New Fundamentals of Mapping and GIS chapter and Key Methods of Geography book

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04-11-2024 01:03 PM
JosephKerski
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I have written a fundamentals of mapping and GIS in the Fourth Edition of Key Methods of Geography textbook, published by Sage Publications.  If you are seeking a single chapter about what GIS is and why it matters, this might very well fit that need.  Beyond my chapter, the book contains a great deal of pertinent content about, as the title indicates, key core methods essential for the geographic sciences, including field data collection equipment and methods, statistical analysis, spatial analysis, remote sensing, and much more.   The book was edited by the following experienced geographers who I have a great deal of respect for.  These people really know what they are doing; they have crafted a book that provides foundations but also is very practical and up-to-date, and it was a great honor to be asked to contribute a chapter to their book:

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Joseph Kerski pictured with the new book "Key Methods in Geography" by Sage Publications.

The book's chapters include identifying key literature for your assignment, interviews and focus groups, researching affect and emotion, historical and archival research, exploring the physical environment, UAS/UAV/drone research methods, case studies, scholarly writing, coding, organizing and analyzing, and much more.   The book concludes with the chapter "Doing Engaged Scholarship:  Why Methods Matter" again reflecting the practical nature of the book.   

I begin my chapter with a story about crowdsourcing as a result of a potential tragedy--an oil spill off of a beach in Southern California, and build from there about what GIS is, how it is different from the GIS of the past, and why it all matters.  In the chapter I even start with challenging the definition of "map" that many people might have in their minds, nudging them to consider maps as analytical tools and not just reference documents.  I then discuss spatial data, geotechnologies, the goal of GIS, topology, spatial data, data models, spatial statistics, geoliteracy, how GIS has evolved, and encouraging the reader to consider GIS in the reader's own career pathway.  I include data quality, ethics, forces acting on GIS, and skills important to the reader seeking to use GIS for the first time or to deepen their use of it.  I did everything I could to ensure that GIS is considered a "key method" of geography and geographers, and not relegated to "just the GIS people."  I included plenty of lively and intriguing maps and illustrations throughout the chapter.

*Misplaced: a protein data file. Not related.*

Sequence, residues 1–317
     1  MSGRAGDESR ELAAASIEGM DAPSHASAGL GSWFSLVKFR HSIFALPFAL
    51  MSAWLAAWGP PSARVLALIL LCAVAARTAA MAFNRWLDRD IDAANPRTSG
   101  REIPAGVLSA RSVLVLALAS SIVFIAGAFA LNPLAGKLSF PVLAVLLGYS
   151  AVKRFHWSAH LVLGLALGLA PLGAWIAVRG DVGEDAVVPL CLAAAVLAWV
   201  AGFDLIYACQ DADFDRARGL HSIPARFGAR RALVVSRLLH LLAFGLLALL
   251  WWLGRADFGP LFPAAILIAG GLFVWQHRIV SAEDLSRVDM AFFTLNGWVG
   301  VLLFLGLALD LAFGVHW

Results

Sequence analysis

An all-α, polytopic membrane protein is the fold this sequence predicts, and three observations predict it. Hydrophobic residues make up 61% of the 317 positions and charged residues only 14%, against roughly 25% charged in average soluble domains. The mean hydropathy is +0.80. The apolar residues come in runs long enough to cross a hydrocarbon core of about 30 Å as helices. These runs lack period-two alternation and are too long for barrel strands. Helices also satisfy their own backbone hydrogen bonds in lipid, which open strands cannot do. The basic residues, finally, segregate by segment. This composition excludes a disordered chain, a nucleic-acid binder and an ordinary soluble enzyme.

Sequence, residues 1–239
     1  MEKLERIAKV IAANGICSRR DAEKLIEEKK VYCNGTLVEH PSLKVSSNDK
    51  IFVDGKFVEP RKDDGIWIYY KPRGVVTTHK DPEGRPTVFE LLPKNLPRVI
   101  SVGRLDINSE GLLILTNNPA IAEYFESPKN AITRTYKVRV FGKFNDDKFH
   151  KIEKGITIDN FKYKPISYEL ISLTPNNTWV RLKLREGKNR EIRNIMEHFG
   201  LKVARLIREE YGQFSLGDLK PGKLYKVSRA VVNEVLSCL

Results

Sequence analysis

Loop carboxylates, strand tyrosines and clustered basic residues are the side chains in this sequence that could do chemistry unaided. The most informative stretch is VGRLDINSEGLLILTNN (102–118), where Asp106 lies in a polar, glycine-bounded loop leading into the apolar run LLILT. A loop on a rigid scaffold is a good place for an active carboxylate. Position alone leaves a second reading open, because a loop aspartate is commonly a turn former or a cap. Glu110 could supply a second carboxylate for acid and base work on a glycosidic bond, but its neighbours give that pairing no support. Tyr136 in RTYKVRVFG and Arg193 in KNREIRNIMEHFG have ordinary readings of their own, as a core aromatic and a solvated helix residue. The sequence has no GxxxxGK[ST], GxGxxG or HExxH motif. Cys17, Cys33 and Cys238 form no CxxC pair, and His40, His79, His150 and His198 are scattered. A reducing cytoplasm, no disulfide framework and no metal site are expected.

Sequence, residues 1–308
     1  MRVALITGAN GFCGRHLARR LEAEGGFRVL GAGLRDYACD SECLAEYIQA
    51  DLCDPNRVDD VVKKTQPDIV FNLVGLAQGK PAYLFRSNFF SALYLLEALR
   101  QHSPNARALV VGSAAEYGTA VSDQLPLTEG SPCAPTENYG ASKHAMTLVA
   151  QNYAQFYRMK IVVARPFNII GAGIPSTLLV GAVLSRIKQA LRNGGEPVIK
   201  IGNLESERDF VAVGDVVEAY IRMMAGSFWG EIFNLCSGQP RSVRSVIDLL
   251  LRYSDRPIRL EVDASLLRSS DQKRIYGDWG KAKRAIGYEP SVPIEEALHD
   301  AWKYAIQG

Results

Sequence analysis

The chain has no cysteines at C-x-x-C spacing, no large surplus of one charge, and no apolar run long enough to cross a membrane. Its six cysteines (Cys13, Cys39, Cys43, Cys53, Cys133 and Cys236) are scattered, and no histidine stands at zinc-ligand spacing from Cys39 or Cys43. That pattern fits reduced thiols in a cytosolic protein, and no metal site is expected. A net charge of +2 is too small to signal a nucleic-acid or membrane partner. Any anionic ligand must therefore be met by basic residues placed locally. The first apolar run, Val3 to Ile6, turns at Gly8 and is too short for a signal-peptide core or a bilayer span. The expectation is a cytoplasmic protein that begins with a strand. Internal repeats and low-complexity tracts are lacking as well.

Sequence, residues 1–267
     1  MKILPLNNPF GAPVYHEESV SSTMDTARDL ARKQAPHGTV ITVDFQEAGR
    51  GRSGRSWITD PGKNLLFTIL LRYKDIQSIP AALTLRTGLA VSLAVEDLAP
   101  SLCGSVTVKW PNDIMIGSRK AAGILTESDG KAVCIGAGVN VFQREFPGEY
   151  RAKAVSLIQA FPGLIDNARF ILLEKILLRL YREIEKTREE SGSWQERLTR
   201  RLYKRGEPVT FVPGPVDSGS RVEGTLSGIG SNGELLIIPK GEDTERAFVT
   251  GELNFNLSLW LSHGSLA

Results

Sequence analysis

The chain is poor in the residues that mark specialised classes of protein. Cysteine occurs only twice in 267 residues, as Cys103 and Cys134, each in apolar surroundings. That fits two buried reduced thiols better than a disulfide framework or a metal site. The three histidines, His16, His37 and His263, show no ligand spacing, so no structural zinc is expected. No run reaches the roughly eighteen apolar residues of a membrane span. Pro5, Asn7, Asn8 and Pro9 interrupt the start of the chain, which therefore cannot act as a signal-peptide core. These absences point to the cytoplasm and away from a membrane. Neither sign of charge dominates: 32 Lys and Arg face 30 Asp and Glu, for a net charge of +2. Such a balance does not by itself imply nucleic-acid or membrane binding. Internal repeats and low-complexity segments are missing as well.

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A section of my chapter on GIS.

I am happy to share my chapter with you upon request but I really encourage you to investigate and use the entire book.  I highly recommend the book for faculty teaching research methods, and/or physical/cultural geography and geotechnologies, and for any student in geography, GIS, or environmental sciences. 

--Joseph Kerski 

 

 

About the Author
I believe that spatial thinking can transform education and society through the application of Geographic Information Systems for instruction, research, administration, and policy. I hold 3 degrees in Geography, have served at NOAA, the US Census Bureau, and USGS as a cartographer and geographer, and teach a variety of F2F (Face to Face) (including T3G) and online courses. I have authored a variety of books and textbooks about the environment, STEM, GIS, and education. These include "Interpreting Our World", "Essentials of the Environment", "Tribal GIS", "The GIS Guide to Public Domain Data", "International Perspectives on Teaching and Learning with GIS In Secondary Education", "Spatial Mathematics" and others. I write for 2 blogs, 2 monthly podcasts, and a variety of journals, and have created over 5,000 videos on the Our Earth YouTube channel. Yet, as time passes, the more I realize my own limitations and that this is a lifelong learning endeavor and thus I actively seek mentors and collaborators.